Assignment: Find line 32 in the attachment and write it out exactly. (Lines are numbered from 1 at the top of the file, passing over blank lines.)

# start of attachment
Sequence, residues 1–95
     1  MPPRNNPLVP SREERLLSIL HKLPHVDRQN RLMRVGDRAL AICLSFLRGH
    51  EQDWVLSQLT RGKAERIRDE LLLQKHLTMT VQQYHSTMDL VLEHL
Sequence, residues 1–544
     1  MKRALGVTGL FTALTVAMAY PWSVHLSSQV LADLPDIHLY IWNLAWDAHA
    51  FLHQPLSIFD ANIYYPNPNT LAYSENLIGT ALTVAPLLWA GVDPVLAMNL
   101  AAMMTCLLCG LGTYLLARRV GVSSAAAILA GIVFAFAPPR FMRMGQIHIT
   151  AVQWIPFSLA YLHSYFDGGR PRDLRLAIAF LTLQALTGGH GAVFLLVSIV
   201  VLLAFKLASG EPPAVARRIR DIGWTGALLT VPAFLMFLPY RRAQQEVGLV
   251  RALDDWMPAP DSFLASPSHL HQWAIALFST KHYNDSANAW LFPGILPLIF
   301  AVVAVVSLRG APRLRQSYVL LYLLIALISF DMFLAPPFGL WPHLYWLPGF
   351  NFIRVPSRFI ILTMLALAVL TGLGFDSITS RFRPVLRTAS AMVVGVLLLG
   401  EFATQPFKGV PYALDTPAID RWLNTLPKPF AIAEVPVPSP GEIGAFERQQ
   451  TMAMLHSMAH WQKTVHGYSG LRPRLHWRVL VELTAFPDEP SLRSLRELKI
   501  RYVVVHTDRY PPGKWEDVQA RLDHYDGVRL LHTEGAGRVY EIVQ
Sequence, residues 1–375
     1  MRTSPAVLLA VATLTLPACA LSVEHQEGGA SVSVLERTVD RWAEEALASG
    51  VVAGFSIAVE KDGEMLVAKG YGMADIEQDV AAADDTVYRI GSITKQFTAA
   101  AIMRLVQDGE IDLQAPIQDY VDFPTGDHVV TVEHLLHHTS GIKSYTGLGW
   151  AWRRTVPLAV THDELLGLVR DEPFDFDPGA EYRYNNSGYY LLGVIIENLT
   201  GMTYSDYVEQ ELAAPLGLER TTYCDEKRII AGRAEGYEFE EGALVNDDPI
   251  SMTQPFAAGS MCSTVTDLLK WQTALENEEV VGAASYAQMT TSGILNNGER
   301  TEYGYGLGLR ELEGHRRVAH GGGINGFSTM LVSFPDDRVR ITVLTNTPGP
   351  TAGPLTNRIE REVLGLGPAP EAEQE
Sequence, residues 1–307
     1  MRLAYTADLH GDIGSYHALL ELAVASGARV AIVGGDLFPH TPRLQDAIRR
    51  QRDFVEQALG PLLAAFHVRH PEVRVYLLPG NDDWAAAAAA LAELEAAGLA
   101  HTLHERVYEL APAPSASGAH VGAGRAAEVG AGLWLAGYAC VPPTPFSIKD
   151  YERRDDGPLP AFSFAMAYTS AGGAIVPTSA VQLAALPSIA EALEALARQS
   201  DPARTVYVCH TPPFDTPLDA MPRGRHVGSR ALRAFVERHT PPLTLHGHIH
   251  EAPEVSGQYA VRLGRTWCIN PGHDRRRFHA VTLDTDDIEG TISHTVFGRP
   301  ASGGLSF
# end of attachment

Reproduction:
   301  ASGGLSF